I've been thinking and working about different alternatives to connect this prototype board and may be others to come to the HP-85. While I was doing some research about the HP-85 bus signal I had one machine with a flat ribbon cable coming out from the cabinet, each wire was soldered directly to the back of one of the expansion slot edge connectors and on the other side terminated on a long male pin header attached to a solderless breadboard.

This alternative was cheap and it worked but I was not very comfortable (less having small kids hanging out in my office/lab daily) to leave the wires permanently connected to the guts of the HP-85, and on the other hand I could not move the connection to another machine (I've a small collection of HP Series 80 machines).

I designed different small boards with a card edge connector matching the expansion slot of the HP-85, finally I decided to go with a version that has the 40-pin IDC connector for the flat cable and pads for a pin header so I can use the same board to terminate the flat cable on a solderless breadboard.

The following two pictures show how the pcb came out and fits on the I/O expansion slot. Don't pay much attention to the cheap solder mask (actually is nail polish), also I didn't have an IDC connector in angle then I'm sort of loosing at least one slot but for prototyping purposes it really doesn't matter much.

[Click Images to Enlarge]

As expected and applying Murphy's law, the board didn't work on the first try.

I had an error in the schematic for the original module, the Chip Select signals for the EEPROMs were permuted, and I also had few wiring mistakes.

Just to increase reliability I added pull-up resistors to the data outputs of the EEPROMs. The previous design of an EEPROM board by HP for internal use had pull-ups and a 80C97 three-state buffer that in this design is being substituted by a 74HC244.

While troubleshooting I found that the RC (Read Control) signal is quite sensitive to additional loading, such as the oscilloscope or the logic analyzer probe.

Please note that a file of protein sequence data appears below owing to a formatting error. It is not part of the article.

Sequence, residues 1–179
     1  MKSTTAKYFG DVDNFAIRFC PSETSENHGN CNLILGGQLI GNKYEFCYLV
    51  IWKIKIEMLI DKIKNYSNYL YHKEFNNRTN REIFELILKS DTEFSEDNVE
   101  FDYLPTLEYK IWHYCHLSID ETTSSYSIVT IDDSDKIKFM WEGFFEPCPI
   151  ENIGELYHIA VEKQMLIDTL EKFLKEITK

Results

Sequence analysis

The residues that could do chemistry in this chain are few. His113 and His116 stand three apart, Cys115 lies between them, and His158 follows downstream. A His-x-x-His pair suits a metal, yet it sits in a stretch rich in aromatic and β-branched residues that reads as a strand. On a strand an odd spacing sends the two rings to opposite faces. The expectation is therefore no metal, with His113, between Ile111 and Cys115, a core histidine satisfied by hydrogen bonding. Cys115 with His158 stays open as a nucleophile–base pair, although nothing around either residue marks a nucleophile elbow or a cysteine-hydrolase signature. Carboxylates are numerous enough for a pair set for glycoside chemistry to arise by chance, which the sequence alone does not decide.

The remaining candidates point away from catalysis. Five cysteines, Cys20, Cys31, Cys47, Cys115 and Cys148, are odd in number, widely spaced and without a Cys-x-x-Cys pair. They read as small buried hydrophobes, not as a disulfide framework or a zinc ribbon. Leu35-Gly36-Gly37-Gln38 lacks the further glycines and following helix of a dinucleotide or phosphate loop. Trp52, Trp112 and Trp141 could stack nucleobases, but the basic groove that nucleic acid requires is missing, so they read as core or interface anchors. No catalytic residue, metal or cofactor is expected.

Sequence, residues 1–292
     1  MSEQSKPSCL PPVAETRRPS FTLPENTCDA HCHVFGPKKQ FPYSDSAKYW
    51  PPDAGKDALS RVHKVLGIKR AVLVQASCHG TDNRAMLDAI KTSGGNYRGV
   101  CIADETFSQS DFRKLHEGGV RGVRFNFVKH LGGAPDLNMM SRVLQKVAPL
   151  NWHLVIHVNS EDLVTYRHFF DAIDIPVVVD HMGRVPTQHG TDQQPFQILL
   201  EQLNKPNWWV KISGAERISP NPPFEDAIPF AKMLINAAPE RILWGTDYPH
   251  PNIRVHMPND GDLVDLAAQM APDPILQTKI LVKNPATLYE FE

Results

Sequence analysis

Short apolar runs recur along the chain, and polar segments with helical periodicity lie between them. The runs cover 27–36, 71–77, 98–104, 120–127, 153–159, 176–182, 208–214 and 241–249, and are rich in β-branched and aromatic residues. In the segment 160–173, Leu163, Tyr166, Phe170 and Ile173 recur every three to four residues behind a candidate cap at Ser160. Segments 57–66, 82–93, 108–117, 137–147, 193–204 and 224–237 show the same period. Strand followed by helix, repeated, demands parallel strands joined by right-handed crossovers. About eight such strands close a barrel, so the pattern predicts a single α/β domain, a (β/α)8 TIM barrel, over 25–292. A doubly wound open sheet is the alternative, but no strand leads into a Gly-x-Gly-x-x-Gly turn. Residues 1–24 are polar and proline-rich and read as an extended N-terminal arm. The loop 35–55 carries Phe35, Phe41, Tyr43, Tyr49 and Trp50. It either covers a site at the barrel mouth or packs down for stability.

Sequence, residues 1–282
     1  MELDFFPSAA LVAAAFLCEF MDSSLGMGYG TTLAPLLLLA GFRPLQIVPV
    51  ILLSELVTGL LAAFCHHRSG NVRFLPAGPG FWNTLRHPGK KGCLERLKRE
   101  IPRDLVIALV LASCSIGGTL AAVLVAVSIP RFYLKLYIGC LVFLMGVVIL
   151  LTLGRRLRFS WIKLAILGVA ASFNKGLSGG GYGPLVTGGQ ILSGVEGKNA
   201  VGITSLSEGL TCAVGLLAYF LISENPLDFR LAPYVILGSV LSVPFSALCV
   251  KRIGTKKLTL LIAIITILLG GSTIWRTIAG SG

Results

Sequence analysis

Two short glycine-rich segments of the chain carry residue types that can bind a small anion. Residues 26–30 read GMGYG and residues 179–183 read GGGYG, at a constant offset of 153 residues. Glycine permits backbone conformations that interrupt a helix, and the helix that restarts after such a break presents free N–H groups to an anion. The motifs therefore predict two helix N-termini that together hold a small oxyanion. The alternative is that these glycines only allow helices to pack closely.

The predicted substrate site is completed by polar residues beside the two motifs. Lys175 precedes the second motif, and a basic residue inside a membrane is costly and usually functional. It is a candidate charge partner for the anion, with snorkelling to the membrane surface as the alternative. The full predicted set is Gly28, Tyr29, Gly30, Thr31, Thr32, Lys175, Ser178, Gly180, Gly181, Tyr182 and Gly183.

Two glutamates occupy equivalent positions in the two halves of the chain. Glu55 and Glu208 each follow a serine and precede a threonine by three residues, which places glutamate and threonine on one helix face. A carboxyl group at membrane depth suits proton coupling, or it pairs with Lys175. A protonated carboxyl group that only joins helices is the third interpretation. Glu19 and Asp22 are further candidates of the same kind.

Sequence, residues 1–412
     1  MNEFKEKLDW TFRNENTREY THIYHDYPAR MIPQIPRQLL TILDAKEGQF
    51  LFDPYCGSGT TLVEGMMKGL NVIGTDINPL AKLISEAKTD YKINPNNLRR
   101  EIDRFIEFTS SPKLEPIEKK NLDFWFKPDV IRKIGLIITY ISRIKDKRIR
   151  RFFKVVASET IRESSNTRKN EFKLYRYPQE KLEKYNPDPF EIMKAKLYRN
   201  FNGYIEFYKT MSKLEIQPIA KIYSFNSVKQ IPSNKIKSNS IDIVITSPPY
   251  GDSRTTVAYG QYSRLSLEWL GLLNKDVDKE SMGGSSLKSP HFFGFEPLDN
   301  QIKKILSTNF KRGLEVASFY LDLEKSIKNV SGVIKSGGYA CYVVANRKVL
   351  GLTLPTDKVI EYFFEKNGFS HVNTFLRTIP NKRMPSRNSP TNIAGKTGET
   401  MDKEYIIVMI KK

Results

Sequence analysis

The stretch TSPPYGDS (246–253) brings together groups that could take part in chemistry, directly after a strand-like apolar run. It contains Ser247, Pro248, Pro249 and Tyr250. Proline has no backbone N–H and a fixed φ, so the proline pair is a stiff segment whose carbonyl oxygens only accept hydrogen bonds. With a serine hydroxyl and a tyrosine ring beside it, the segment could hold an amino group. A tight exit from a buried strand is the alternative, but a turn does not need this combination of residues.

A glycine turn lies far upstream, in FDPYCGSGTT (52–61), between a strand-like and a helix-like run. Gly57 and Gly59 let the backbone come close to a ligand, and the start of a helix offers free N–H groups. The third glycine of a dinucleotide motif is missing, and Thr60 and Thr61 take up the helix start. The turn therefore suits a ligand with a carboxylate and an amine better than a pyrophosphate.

After correcting the wiring errors and removing the extra load on the RC signal, the thing worked very well, even with a longer flat cable of about 4 feet.

Below is a picture of the clone module being tested on a HP-85A with the Assembler and Service ROM images on a pair of 27C64 EEPROMs.

[Click Image to Enlarge]

I'm not sure yet if I'll invest the time to develop a pcb layout for this version of the clone.

The link to the schematics pdf file now points to the corrected version (2.3).

Project Status
(as of 2/10/08)

  • Clone prototype schematics and board layout - done
  • Wired DIP parts prototype board - done
  • Design and order bus expansion adapter pcb - done
  • Make 40-pin to 40-pin flat cable - done
  • Put together at least 2 adapters when the pcbs arrive - done
  • Test the clone prototype with HP-85A - done

To Do List

  • Test the clone prototype with HP-85B
  • Test the clone prototype with HP-86B
  • Test the clone prototype with HP-87XM
  • Preliminary PCB design & costs with SMD parts (conditional)
  • Explore if there is interest for a small pcb production batch
  • Define specs and requirements for microcontroller based design
  • Select microcontroller
  • Develop microcontroller based design project plan

Project Files and References

HP 82929A Programmable ROM Drawer Clone Prototype Schematics  
HP 82929A Programmable ROM Drawer Schematics (by Jorge Amodio)  

Useful links

HP Computer Museum  
HP Series 80 Web Site  
HP Series 80 Wikipedia  
John Shadbolt 1980's Vintage Computers  
Everett Kaser HP-85 Emulator  
Oliver De Smet HP85B & HP86/87B Emulators  
HP Personal Systems Virtual Museum  
HP Series 80 Yahoo Group  
The Museum Of HP Calculators Forum  

    ©2006-2009, Jorge Amodio, All rights reserved

Last Update: February 10, 2008